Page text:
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Tuesday, May 11 • 2:00pm - 3:20pm
06. Sound, Sight & Students: Strategies for Success in Supporting Research, Connections & Access within the Academic Arts

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From video tapes and vinyl, to research guides and collaborations with students, our speakers are here to share their discoveries, trials, and triumphs of engaging with sound art, video art, and undergraduate research in film history at the University of Toronto. In Sound, Sight & Students, attendees will join Margaret English to consider the placement of a critical mass of documentation and recordings related to Sound Art in the academic environment of an Art History Library; venture into the grey areas of copyright in a discussion of video art and radical pirate poets with Michelle Johnson; and learn from Kate Johnson's path as a solo librarian building in-roads to best support primary source research through collaborations with the U of T Cinema Studies Student Union and campus partners.

Moderator: Tre Berney

Gathering Sounds: A Case Study of the Interdisciplinary Cultural Study of Sonic Environments

This presentation will discuss the development of the "Sound "Art" Collection at the University of Toronto's Department of Art History Library. Now consisting of a critical mass of exhibitions catalogues, monographs and recordings, this collection is a field trip destination for classes from other Universities and Institutes studying Sound Art, Soundscapes and Sound Studies. Recently, this collection has become an integral resource for a the "Soundscape Studies at the University of Toronto" working group at the Jackman Humanities Institute. This interdisciplinary study network consists of Faculty, a librarian (the presenter), PhD and MA students, undergraduates, curators, and guest speakers. Additional initiatives to promote the collection be discussed.

Speaker: Margaret English

Video Unavailable: The Complexities of Accessing Video Art Online

Video, a revolutionary technology, was commercially introduced in the 1960s and inspired a generation of artists to experiment with this instantaneous moving image based medium. From the abstract electronic formations of Nam June Paik, the cooking show spoofs of Martha Rosler, and the guerilla television of… well… Guerilla Television, the influence of video art cannot be underestimated. Video Art made the late 20th Century created waves in visual culture that we still feel today, influencing movies, music videos and even Sesame Street! In the digital age, it is easy to assume one can simply watch a work of video art on an institution's website, yet, accessing videos outside of a museum's white walls can be a challenge. An art student is more likely to find Rosler’s "Semiotics of the Kitchen" illegally uploaded to platforms like YouTube or Vimeo than available on the MoMA’s website.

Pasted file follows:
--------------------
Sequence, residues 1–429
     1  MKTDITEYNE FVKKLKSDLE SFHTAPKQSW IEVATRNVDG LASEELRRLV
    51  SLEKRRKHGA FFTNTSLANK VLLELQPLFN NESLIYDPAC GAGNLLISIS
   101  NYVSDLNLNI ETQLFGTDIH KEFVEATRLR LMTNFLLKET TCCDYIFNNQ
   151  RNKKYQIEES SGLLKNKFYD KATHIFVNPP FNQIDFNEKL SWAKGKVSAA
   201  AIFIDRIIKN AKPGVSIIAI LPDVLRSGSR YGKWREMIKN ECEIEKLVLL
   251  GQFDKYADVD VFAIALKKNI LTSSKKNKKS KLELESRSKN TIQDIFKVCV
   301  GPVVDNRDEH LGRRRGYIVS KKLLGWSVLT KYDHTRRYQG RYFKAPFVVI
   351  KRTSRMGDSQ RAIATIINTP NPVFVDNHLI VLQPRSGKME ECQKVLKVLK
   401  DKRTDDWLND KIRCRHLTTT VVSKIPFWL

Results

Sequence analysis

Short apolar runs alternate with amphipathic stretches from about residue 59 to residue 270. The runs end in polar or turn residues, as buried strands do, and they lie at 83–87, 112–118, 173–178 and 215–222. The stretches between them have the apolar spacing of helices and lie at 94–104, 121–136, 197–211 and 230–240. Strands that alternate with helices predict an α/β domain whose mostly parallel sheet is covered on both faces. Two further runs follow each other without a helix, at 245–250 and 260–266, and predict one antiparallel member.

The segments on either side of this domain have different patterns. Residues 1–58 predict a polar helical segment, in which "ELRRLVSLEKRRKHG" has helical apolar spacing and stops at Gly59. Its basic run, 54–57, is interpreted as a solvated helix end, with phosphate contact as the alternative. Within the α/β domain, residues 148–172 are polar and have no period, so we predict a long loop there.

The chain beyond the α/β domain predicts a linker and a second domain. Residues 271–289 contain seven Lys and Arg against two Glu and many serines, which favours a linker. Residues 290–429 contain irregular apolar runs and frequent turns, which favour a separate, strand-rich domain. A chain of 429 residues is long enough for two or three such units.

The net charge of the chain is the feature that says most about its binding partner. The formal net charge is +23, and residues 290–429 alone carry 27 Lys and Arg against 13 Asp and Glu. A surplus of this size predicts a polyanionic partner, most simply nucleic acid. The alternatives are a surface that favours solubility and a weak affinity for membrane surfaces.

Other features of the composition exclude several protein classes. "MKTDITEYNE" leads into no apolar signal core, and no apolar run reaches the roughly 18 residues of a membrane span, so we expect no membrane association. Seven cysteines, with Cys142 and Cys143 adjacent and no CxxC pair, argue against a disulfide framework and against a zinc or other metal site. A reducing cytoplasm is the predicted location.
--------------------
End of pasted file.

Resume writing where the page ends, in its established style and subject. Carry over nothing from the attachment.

This presentation seeks to examine the barriers limiting access to early video art online and offer practical solutions and suggestions to aide librarians, instructors and students in the search for digital video art resources. With higher education taking place completely online due to COVID-19, understanding the medium and utilizing remote resources has never been more necessary. However, video tape is an essentially obsolete technology – a fact that dramatically slows down digitization efforts. Furthermore, in support of artist’s rights, video art is often controlled by third party distributors; while distributors are crucial champions of the medium, issues of copyright complicate discussions of online access. Opportunistic art lovers have taken matters into their own hands, uploading work to online platforms; the most interesting of which is UbuWeb, a volunteer-based repository for obscure art started by a New York poet in 1996 and going strong to this day. By the end of this presentation, attendees should possess a better understanding of video recording technology, the historical development and dissemination of video art, and the problematic nature of many online resources providing access to these works.

Speaker: Michelle Johnson

Proactive Partnerships to Enhance Undergraduate Research Experience in Cinema Studies

Learn about a solo librarian’s path to developing partnerships with Cinema Studies Student Union, Writing Centre, and Student Life Services to enhance undergraduate students’ engagement with primary source research in Film History. Walk away with low cost, practical ideas for jump starting your library's information literacy offerings through collaborations with students and academic colleagues. Take-away ideas will include a variety of events and specific activities your library could facilitate with in-person and online adaptations!

Speaker: Kate Johnson


Tre Berney

Director, Digitization and Conservation, Cornell University Library


Margaret English

Librarian, University of Toronto

Michelle Johnson

University of Toronto

Kate Johnson

Cinema Studies & College Librarian, University of Toronto

Tuesday May 11, 2021 2:00pm - 3:20pm EDT